I often forget that my life is somewhat unconventional– That it requires further explanation to obvious meet-and-greet questions. It means funny looks, unintentionally critical questions, and sometimes blatant doubt written all across someones face. The reaction, I’ve grown somewhat used to. But I’ve also grown used to the terms by which I live, and I forget that I come with a large set of footnotes. I long for the day when I can complain about my jerk boss, and talk about an apartment with big windows where I live and my roommates are not my parents. They probably long for that day, too.
Living life with a chronic illness means a few things for me: It means being 32 and not working a real job. It means taking 25ish pills a day and still living under my parents wing. It means a lot of solitude and a lot of talking to the dog–probably more than humans. It means I typically smell like BenGay or peppermint oil, and wear an ice pack on my head almost always. These things have become *my normal. But I forget that they’re not and requires an often long, boring story that I’ve grown to cringe when I have to tell it. Retelling your story, your background, how you arrived at now over and over and over out loud, you start to feel a little phony.
I don’t know when it became such a frequent place to end up, but lately I always find myself hanging in the tension between two opposites, struggling to find the fragile balance in the middle. Feeling bined between two of anything is usually unsettling at best, but can often be torture. The two forces aren’t necessarily always polar opposites. Sometimes they’re merely dissimilar, but operate on the same plane. Think surrender and giving up. Gone unchecked, one can quietly ooze into the other, and suddenly you’re nowhere you thought you’d be. Sometimes they’re contradictory forces: maybe your heart wants something that the head doesn’t like. Other times it’s reconciling two truths at odds, choosing between two options and stuck in the messy mud of the middle. Since I consider myself pathologically plagued by indecisiveness, this tension has left me agonizing in the toothpaste aisle for way, way too long.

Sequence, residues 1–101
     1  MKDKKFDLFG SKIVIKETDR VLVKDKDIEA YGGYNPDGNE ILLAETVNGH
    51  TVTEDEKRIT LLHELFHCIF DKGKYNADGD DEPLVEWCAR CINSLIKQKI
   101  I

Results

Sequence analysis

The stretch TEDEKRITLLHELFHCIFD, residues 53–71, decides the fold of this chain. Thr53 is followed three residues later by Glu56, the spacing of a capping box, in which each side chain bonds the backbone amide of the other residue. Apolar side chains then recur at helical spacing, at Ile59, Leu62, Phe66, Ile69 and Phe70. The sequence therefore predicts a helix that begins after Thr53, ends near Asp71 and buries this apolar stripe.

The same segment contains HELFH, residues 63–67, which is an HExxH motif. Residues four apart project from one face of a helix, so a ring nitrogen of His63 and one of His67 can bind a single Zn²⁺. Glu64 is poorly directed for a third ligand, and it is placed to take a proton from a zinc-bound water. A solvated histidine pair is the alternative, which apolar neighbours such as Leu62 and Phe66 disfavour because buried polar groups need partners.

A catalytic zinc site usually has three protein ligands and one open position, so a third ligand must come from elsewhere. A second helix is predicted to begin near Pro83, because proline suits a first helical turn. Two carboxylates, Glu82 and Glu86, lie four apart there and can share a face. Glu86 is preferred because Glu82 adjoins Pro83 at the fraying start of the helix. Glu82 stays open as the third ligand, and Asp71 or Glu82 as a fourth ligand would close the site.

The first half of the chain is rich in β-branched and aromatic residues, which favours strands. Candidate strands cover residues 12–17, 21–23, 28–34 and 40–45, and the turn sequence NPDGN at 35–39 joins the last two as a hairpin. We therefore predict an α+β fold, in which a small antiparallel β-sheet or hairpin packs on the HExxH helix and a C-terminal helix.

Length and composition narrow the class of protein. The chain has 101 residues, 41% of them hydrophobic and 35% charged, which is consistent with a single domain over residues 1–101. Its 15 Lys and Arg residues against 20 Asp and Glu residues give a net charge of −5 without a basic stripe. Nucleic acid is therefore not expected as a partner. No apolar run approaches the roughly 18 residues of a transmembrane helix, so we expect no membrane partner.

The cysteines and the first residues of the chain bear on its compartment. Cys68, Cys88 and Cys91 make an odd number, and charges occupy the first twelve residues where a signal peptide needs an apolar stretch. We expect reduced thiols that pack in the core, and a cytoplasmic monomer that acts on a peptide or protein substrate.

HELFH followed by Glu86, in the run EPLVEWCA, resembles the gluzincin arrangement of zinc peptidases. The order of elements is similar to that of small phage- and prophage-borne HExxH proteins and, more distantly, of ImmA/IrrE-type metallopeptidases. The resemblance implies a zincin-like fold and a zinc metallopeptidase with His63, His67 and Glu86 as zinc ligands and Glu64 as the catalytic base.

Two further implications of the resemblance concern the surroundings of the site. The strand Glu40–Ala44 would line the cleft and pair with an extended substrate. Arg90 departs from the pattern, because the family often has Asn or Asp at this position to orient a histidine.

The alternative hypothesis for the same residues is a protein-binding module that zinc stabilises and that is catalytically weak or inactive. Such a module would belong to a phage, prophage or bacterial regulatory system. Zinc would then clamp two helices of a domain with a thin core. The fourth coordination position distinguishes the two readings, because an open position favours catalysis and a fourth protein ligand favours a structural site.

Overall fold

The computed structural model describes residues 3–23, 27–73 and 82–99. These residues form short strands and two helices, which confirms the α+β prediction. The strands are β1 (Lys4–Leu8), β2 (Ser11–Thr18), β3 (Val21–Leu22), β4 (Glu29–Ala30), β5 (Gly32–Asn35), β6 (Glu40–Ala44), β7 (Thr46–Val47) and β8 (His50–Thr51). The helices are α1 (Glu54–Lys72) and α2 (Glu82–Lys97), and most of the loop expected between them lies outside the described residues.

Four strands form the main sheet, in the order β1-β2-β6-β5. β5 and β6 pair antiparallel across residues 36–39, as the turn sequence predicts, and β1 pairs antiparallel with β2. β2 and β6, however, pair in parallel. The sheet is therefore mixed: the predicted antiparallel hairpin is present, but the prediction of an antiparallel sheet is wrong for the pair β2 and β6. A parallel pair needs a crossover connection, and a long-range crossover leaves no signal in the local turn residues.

Currently, I find myself in the center of multiple conundrums, questions, opportunities, examinations.. Not all of them are quantifiable, and many of them seem to be ongoing. I lay in bed at night and the questions fly around the room like some kind of adult mobile made of cosmic questions and pitiful choices. My brain has been tangled with these questions lately:
*How do I surrender to my circumstances and accept my reality without giving up on trying to make things better?
*How do I talk about being sick without getting caught up in my story?
*How do I write bearing the reader in mind without compromising authenticity?
*How do I maintain a sense of autonomy and identity knowing full well I am reliant on the help of others.